You are the only person who can determine how much you can afford for camera upgrades. You bought the Digital Rebel and like me you're probably wanting to do better work now that you have a stronger camera. I first bought the Canon EF 28-135 mm Image Stabilized lens. It was quite expensive and at first I was a bit disappointed. The better I understood my camera and how to work with that lens, the happier I became. It is a fine walk around lens in my opinion. Later I added the two L lenses, taking advantage of a rebate being offered by Canon in the United States. Full price for the Canon EF 70-200 f4/L is a bit over five hundred dollars, which is quite reasonable for this quality glass, at least when you compare it with other L lenses.

I mention all of this to suggest that it may serve you in the long run if you save your money and wait until you can buy really good lenses, rather than simply add the convenience of a long zoom that gives less than crisp images. From all the reading I've done it seems very difficult to get long zooms that produce excellent images UNLESS you're willing to pay alot of money. The irony, of course, is that if you were willing to give up your DSLR camera, you could buy a 5 megapixels Panasonic camera with a fixed 12X Leica optical zoom with image stabilization for around $500. Not too shabby, if what you want is a long lens and easy portability.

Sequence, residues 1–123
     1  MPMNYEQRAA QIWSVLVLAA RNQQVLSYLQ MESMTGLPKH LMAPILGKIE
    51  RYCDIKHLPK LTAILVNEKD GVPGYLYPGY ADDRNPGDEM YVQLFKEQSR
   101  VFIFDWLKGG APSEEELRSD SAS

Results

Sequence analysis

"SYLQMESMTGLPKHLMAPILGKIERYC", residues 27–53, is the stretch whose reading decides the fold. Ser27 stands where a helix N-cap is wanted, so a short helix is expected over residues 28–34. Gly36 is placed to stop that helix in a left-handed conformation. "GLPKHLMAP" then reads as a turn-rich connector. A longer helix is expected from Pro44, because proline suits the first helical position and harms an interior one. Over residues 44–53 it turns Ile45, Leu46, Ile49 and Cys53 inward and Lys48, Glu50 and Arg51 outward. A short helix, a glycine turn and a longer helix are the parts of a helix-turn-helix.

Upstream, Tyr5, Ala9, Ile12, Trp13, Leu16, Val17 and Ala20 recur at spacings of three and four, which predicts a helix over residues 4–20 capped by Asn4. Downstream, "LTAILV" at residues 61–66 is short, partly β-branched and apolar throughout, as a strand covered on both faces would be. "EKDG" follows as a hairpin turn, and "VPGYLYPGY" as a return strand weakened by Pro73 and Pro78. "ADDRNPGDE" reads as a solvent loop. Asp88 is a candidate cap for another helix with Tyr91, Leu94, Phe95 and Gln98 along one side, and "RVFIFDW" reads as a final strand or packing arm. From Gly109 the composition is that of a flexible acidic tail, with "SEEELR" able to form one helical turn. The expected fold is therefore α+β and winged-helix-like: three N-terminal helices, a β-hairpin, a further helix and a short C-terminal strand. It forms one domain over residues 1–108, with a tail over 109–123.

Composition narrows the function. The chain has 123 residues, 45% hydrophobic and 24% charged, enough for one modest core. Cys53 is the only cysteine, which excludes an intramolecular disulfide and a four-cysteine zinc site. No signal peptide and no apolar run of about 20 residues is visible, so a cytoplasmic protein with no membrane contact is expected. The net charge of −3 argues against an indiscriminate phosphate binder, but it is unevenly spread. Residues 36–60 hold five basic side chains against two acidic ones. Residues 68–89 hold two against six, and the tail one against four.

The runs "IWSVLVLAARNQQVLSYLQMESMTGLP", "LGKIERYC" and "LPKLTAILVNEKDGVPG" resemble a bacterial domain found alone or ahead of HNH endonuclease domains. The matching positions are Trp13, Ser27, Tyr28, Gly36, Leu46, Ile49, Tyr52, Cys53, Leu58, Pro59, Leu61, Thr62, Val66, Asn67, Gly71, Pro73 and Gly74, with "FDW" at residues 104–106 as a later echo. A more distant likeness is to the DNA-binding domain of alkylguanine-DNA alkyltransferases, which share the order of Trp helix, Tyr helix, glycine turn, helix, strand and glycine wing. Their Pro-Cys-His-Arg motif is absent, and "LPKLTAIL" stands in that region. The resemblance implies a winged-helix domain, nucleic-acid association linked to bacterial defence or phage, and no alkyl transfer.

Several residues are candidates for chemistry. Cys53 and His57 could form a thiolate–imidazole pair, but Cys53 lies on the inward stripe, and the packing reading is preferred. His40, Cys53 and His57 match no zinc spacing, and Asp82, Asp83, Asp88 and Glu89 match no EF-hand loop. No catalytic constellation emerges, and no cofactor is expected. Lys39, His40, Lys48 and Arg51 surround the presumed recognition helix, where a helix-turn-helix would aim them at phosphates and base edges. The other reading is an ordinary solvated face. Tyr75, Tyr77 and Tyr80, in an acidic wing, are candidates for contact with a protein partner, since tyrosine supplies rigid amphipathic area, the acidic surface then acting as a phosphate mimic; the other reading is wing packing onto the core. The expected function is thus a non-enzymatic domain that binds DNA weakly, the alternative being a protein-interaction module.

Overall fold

Here is a review of the camera... <a href="">Panasonic Lumic DMC-FZ20</a>

My recollection is the you bought a 28-80 or some such mid-range Canon zoom that you weren't happy with. Here is a link to an extended review of Canon lenses. They make some of the best glass in the world and some that isn't worth the price, no matter how low it is. Good hunting Cesar!

<a href="">Canon's EOS Beginners Frequently Asked Questions</a>